Happy Rhodes – Ectotrophia
Verdict: An insight into a musical enigma.
What’s the story?
Happy Rhodes is the definition of a cult artist. She’s a very private, New York-based singer, songwriter and multi-instrumentalist, best known by most music fans as frontwoman for Security Project, an all-star supergroup (also including Trey Gunn, Jerry Marotta and Michael Cozzi) dedicated to the music of Peter Gabriel. Rhodes does enjoy a global fan base that has existed since the early ‘90s. They call themselves ‘ectophiles’, chosen from the title of Rhodes’ fourth album. This 18-track set is compiled and remastered from four cassette releases cut when she was in her early 20s in 1986 and 1987.
Worth a listen?
Rhodes’ lyrics explicitly and dramatically chart her private depths. Music was a salvation for her, and so most songs were written during her teens, a prolific period of intense loneliness and alienation, thanks to the bullies of the American schoolyard. As a result, some of them are indeed clumsy, clearly the mark of a young writer under the powerful sway of emotion, but that adds weight, too.
There is an unvarnished quality to them via the grain in her voice and wonderfully illustrative arrangements. Opener Oh the Drears, despite its gothic intro and title, is actually a gauzy, classically tinged pop song with a memorable hook. Where Do I Go, performed only on synths, is more declamatory in its expressions of loss and confusion. When the Rain Came Down, with its loops and angular electronics, criss-crosses terrain explored by her idol, Peter Gabriel.
Bodega – Endless Scroll
With a happily scrappy sound, a snarky attitude, and hooks for days, Bodega make a case for themselves with their debut album, Endless Scroll. Their snappy tunes are built for sweaty dancefloors, the guitars have a gnarly bite and the vocals don’t let up. The energy Bodega play with and the punchy sound they get would be enough to make Endless Scroll worth hearing; when the often hilarious words, the main duo’s vocal prowess, and the huge hooks are added, the album becomes something really special.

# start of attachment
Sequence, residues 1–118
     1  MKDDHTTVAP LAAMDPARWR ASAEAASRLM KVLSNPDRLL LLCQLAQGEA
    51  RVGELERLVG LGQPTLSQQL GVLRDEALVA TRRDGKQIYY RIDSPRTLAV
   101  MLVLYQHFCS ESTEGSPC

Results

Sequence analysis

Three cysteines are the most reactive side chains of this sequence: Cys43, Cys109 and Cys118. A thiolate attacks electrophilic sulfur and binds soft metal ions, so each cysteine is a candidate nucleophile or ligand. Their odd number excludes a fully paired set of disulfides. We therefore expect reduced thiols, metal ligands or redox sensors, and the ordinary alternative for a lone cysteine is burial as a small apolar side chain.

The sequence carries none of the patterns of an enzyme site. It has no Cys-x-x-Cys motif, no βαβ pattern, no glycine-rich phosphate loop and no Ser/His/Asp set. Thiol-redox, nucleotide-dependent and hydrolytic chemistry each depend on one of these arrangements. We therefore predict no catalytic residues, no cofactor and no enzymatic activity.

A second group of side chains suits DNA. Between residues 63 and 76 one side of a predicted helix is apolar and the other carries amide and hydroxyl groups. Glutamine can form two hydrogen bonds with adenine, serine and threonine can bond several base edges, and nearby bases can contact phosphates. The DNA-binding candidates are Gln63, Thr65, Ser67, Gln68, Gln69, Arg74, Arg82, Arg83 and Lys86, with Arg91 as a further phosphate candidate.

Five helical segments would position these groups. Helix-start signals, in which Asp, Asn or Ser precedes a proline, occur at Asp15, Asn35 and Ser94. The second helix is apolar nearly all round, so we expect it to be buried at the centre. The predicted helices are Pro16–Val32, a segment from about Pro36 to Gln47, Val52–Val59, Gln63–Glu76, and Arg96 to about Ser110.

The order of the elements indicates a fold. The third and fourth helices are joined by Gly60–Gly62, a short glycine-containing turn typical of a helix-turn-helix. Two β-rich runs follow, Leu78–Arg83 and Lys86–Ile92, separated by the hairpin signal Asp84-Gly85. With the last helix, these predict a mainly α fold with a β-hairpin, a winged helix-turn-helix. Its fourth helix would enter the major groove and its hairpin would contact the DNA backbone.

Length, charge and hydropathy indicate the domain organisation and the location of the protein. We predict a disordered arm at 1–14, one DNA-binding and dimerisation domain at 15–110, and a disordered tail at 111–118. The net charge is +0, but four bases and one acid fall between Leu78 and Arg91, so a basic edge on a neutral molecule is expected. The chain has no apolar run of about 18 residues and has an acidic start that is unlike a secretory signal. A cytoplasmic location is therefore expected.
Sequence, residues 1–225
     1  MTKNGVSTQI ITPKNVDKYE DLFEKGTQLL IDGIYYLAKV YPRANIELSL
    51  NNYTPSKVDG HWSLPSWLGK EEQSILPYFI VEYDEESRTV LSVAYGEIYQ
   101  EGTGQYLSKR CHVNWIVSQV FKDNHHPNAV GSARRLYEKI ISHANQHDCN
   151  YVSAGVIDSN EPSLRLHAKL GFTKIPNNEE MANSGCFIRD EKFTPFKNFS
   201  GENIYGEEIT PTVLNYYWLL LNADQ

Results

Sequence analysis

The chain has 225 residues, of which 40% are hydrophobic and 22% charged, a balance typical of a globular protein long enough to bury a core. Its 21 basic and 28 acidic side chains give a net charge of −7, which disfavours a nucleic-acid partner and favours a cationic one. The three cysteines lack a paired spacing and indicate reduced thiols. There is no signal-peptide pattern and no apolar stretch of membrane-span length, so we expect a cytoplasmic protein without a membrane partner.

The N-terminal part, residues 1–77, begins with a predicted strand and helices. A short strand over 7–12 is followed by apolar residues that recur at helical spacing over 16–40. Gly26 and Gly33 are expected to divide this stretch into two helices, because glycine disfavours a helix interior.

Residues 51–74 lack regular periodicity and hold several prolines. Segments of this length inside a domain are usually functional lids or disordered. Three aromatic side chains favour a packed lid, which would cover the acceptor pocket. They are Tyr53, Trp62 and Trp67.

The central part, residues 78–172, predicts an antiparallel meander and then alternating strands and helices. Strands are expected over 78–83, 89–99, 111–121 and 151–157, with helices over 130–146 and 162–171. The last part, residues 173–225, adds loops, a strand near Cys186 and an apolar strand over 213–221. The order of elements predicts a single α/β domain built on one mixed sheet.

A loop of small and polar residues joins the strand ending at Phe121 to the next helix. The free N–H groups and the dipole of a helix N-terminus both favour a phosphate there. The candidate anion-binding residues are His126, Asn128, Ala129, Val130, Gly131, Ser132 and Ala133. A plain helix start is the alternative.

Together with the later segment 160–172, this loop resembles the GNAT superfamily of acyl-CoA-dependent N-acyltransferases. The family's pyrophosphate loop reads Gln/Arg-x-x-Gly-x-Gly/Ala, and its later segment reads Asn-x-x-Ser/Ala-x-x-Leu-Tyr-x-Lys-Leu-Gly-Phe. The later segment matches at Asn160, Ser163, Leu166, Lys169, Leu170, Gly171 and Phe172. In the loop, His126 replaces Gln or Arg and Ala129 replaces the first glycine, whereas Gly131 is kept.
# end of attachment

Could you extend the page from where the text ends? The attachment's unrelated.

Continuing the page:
77:78 – Jellies
Jellies is the musical equivalent of a summer read or comfort food; it doesn’t demand much of listeners, but it fills them with a warm, satisfied feeling just the same. The mix of vintage late-night soul, cosmic dub, laid-back rock, clunky hip-hop, blues and no-frills psychedelia is blended together with a light touch by sure hands that leave plenty of air in the arrangements and allow the vocals to float gently above. The tempos tend towards a summery crawl, with a preponderance of ballads that set the mood and midtempo songs that sway and swing like leaves in a gentle breeze.
DevilDriver – Outlaws ‘Til the End Vol. 1
DevilDriver’s eighth studio album is certainly the group’s most adventurous outing to date, but that’s not saying a whole lot, as DevilDriver have been cranking out shelf-stable slabs of death-focused groove-metal for over two decades. Still, it’s fun hearing Dez Fafara and company pay tribute to their outlaw country heroes, especially when they allow themselves a bit of sonic wiggle room, as they do quite effectively on standouts like Hank Williams III’s Country Heroes and Stan Jones’ Ghost Riders in the Sky, the latter of which delivers the perfect blend of brooding fury and power metal cheese.